A Kandoo Adventures group with support team at Shira Cave Camp on Kilimanjaro

Travel Advice Top 8 Kilimanjaro Questions Answered

  1. Homepage
  2. Kandoo's blog
  3. Travel Advice
Kandoo Adventures team member Dan recently hiked to the top of mount Kilimanjaro. Now that he’s back we asked our customers for their biggest burning questions about Kilimanjaro for Dan to answer.

Can a beginner or inexperienced climber climb Kilimanjaro?

It very much depends on what you mean by the term ‘beginner’. If you’ve never hiked up a hill or mountain in the Lake District or the Rocky Mountains for example then I would initially say no. Go get yourself hiking up and down at least 1,000 meters / 3,300 feet in one sitting on a regular basis with some hiking boots to see if you can manage the strain.

As for climbing, there is only marginal “climbing” for part of one day on Kilimanjaro at the Barranco Wall, the rest of the time you are mainly just on two feet walking. The Barranco Wall does need you to be able to clamber a bit and it’s really fun. You do not need to have any knowledge of ropes or rock climbing to be able to attempt this, but knowing how to scramble up a rocky bit of terrain will help.
View down to Mawenzi peak on Kilimanjaro from Upper Barafu Camp

Can an unfit person climb Kilimanjaro?

Yes and no… I’ll explain.

If you mean ‘do you need to be super athletically fit to climb Kilimanjaro?’, the answer is no. I’m certainly not mega fit, but you should be able to take on strenuous exercise. I saw all shapes and sizes trekking up the mountain. Similarly those who I saw being escorted off with altitude issues were mixed sizes and fitness levels.

However, if you’re really asking ‘do you need to train to climb Kilimanjaro?’ then absolutely yes. Don’t worry, you don’t need to join a gym. Training involves hiking up hills regularly and often for 3-5 hours each session to strengthen your legs and just get your body used to the strains of hiking up and down hills. It’s also a good testing ground for new gear.

How hard is it to climb Kilimanjaro?

The amount of the climb that is hard depends on your experience, but yes it is hard, especially on summit day. If you’ve never been beyond 3,000 meters / 9,850 feet, that initial minor lack of oxygen from day one is probably going to be a new and challenging experience. Each day, you hike for multiple hours and if you haven’t trained for this your legs are going to get punished. Sleep may elude you if you’re not used to tents, I found it hard to sleep, others slept like logs.
Summit day is brutal. You get up at 11pm at night and hike steeply upwards until dawn, the prize is incredible and the accomplishment unmatched. Then you descend and this will be seriously hard work after such a mega ascent.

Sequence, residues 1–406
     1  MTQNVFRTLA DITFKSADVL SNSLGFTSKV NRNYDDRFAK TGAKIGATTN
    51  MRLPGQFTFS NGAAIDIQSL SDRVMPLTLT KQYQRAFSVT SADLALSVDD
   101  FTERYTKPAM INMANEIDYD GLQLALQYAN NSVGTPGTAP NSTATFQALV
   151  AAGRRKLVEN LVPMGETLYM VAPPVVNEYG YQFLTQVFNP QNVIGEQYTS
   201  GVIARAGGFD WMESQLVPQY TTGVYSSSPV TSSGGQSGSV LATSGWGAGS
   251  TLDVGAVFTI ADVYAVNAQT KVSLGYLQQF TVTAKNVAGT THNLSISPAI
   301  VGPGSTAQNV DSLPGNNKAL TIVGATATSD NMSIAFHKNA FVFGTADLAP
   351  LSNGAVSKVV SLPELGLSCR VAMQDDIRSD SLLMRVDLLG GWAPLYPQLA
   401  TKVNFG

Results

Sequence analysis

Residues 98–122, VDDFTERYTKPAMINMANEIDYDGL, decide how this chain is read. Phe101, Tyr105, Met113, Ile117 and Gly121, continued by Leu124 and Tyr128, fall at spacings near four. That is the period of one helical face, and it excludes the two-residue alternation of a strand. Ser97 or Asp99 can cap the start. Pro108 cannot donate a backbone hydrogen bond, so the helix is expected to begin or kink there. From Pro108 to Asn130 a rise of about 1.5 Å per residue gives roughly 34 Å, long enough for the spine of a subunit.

For many this will be the hardest physical challenge you’ll ever do, particularly if you’ve never been anywhere near this altitude before.
Staff member Dan on day 3 of climbing Kilimanjaro

How much does it cost to climb Kilimanjaro?

There are several routes at different price points, you’ll need to check our current prices. Then factor in your visa, flights, insurance, gear you may need to buy, snacks, travel money, you’re likely to be spending close to another £2,000/US$2,500 per person on top of the initial trip cost. This totally depends on where you are based in the world and what gear you already have, this could be higher or lower, the key is to shop smart for flights.

Is Kilimanjaro harder than Everest?

If you mean to reach the summit of Everest then no, absolutely not. Everest is a far harder climb that demands a great deal more money, time and experience to accomplish.

If you’re comparing Kilimanjaro to the Everest Base Camp Trek, Kilimanjaro is harder mainly down to the massive summit push, greater daily ascent and less time to do it. Hiking to EBC is much more gradual and your maximum altitude is over 500m less than at Kilimanjaro.

Is Kilimanjaro the easiest of the 7 Summits?

Yes, it’s far and away the easiest of the 7 Summits.
Staff member Dan at the summit of Kilimanjaro

Can you climb Kilimanjaro in trainers?

No. If you got to higher altitude in trainers and tried to make for the top, your feet would probably freeze long before you got to the summit. Good boots aren’t just a necessity for their grip, ankle support and overall foot protection, but as an insulator from the cold and weather.

But do bring some comfortable shoes/trainers in your duffle bag for when you’re hanging out in camp, you won’t want to wear your big boots then.

Do you need oxygen for Kilimanjaro?

You do not need bottled oxygen to climb Kilimanjaro. Our guides do carry emergency oxygen, but it is only for extreme situations where climbers are showing serious signs of altitude sickness. If you’re on a Kandoo Adventures trip and you have to be administered oxygen you are going straight down off the mountain and your climb is over.
Got more burning questions about climbing Kilimanjaro? Get in touch with us by calling +441283499980 or submit an online enquiry and we can send you all the information about this amazing trip.